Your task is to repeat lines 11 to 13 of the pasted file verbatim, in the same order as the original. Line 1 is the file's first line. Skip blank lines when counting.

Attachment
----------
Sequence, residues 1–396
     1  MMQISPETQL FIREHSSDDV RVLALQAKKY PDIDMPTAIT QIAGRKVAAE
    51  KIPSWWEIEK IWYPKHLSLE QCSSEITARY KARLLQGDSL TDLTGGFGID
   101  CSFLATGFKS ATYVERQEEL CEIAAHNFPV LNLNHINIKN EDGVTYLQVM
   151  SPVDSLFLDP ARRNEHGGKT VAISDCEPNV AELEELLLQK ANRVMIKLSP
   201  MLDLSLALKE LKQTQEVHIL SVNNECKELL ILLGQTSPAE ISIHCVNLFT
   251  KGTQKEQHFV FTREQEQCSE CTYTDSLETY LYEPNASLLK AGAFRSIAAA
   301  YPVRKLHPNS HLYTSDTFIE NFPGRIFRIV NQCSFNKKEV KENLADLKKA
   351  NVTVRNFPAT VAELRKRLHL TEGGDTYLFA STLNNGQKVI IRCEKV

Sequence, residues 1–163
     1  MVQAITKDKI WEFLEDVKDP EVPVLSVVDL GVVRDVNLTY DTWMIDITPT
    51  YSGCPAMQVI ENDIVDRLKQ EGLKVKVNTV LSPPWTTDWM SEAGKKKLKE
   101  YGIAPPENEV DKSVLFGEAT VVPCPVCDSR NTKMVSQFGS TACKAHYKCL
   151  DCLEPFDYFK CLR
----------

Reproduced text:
     1  MVQAITKDKI WEFLEDVKDP EVPVLSVVDL GVVRDVNLTY DTWMIDITPT
    51  YSGCPAMQVI ENDIVDRLKQ EGLKVKVNTV LSPPWTTDWM SEAGKKKLKE
   101  YGIAPPENEV DKSVLFGEAT VVPCPVCDSR NTKMVSQFGS TACKAHYKCL